There can often be some confusion between the difference between Snapshots, Backups (Off-site backup) and Replication.
Snapshot are simply a freeze frame of your data or a 'photo in time' of the server/data. Snapshots are used when you need to complete Windows updates or install new software on the server. This allows the administrator to wind back the clock if an issue occurs with the upgrade or update quickly without having to restore the whole server.
Snapshots can start to impact production performance if left for too long as the data changes significantly from what is in the snapshot. This can cause major outages if left as the server storage can run out of space and crash all servers on the array and make it incredibly hard to get everything back up and running again.
As a rule, snapshots are only used as a last resort; you should not be using snapshots as backups.
off-host backup is simply when you take a copy of the server/data to a device which can be taken offsite, e.g. a tape or an external USB drive. This is important because if the host or storage array fails you will need a good recent backup to restore from.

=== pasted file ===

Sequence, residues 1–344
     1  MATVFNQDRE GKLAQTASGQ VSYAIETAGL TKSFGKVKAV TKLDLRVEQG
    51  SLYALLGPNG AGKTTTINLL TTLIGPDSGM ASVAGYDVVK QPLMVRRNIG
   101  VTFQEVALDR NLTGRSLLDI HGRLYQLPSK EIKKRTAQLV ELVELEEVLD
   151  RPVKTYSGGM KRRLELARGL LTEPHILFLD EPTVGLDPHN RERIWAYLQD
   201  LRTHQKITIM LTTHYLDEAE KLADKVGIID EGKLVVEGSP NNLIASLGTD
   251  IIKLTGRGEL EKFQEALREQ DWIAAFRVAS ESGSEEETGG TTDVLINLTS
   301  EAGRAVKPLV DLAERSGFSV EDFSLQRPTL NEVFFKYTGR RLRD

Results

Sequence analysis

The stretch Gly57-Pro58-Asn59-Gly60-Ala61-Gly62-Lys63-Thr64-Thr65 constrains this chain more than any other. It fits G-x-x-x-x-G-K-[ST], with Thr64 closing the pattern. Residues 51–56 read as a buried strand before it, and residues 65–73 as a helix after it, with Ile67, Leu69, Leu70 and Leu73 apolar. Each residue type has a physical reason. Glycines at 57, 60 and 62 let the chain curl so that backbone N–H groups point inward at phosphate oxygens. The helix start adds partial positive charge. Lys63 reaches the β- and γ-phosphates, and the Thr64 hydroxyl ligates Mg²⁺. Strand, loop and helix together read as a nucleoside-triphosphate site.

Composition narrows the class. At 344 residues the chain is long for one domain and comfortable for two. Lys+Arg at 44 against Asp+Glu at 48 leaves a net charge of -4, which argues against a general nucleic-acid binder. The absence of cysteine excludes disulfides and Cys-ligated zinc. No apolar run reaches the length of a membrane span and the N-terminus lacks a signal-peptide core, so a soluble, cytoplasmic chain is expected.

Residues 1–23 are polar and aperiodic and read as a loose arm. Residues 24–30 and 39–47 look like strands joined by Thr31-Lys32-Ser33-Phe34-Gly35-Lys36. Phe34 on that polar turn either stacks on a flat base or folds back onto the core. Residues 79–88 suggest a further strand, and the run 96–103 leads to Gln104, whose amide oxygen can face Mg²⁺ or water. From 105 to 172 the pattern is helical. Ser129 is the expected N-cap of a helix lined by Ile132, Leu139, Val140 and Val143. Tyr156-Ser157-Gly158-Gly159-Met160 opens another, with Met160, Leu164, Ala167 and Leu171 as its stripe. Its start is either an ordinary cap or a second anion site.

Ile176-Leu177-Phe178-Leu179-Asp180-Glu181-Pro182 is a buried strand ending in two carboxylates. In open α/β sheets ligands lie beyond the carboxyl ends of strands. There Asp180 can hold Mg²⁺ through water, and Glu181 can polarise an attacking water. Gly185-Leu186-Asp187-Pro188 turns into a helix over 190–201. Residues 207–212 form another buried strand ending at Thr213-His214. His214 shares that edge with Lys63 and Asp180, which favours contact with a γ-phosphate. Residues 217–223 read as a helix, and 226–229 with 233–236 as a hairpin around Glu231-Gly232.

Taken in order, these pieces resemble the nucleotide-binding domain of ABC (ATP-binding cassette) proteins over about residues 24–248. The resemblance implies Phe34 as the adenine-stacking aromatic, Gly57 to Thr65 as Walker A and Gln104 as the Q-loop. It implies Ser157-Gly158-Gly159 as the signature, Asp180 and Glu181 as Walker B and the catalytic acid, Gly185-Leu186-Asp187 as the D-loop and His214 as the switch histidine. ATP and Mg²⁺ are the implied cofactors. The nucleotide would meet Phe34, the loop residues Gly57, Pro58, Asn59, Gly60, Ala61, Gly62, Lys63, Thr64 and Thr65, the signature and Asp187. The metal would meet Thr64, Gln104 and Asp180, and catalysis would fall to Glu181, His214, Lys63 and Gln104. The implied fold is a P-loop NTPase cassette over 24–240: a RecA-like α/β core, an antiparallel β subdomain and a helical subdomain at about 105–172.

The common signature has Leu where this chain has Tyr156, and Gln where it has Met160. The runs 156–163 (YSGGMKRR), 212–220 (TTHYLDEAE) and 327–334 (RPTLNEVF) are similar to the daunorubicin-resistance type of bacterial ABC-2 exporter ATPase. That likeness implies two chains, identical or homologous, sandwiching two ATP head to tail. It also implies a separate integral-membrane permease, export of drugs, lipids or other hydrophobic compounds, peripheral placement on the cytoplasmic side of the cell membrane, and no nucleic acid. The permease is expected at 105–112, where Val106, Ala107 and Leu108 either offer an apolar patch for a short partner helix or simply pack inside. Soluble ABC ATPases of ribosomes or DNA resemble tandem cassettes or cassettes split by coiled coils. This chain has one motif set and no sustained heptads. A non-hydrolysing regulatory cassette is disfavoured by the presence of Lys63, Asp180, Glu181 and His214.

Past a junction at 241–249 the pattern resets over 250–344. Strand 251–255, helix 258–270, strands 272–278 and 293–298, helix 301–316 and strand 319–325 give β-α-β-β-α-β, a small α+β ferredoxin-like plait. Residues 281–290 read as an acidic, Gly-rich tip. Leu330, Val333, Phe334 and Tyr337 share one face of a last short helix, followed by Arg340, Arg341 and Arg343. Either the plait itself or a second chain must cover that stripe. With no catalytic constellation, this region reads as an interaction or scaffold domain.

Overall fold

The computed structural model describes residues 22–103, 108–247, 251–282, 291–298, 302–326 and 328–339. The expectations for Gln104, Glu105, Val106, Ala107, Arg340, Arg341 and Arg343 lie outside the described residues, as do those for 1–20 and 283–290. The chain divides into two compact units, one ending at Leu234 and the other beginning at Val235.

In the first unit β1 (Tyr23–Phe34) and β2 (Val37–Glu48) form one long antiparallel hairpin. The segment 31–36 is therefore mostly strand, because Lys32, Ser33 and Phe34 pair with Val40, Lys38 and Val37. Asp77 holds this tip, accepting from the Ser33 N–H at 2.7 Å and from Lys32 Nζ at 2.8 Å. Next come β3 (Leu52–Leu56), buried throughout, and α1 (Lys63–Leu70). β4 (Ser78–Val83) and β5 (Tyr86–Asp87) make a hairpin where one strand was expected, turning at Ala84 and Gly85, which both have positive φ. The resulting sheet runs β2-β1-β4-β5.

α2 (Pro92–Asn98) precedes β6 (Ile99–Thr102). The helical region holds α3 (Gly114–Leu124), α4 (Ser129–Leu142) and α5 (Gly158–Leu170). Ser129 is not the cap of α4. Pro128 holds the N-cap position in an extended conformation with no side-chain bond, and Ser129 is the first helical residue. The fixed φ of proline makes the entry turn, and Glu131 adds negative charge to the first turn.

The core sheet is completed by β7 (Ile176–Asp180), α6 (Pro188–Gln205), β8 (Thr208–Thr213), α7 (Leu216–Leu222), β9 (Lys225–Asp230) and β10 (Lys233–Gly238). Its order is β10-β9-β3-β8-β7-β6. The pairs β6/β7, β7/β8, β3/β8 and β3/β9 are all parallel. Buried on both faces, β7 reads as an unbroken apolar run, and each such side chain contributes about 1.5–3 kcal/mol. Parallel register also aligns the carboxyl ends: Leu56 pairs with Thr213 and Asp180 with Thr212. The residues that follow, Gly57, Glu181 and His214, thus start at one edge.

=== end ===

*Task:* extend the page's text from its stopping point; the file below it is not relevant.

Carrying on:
I would consider backups as the most important part of IT these days. If the amount of data being backed up is relatively small then you can get away with completing full daily backups. However, as data grows the amount of data being backed up can get quite large. If this is the case, what you will find is most organisations will complete a full backup of their data, say, on a weekend, and then incremental backups of their data throughout the week. This allows the backups to be completed before the start of the next day so no data is missed when the next backup is run.
I won’t go into all the different ways to do a backup and store a backup, but suffice to say, a backup copy is incredibly important!
Replication is where you use a piece of software to replicate your server(s)/data to another piece of the server(s) or storage hardware. I find this the best way to protect your business as the replication of the data is generally offsite (if setup correctly).
If one site goes down, the other can be powered up with the most recent version of data that has been continuously copied from the production data. It is not intended to be used as a backup copy but can be in certain situations where a daily backup has failed due to a tape not being changed (it has happened before, and will continue to happen in the future!)
Some issues with replication is if the system is setup to replicate the data hourly, a problem that may not have been picked up straight away can be replicated to your offsite location which could leave your replication copy with the same errors. This is why it is important to try and have multiple backups.
If you find you are in a situation where you need to restore data, backups are your last line of defence. Remember a full backup can be restored to another piece of hardware anywhere. Don’t ever rely on just one copy and if you are facing a restore of a sever or data, before trying to restore anything, backup your backup!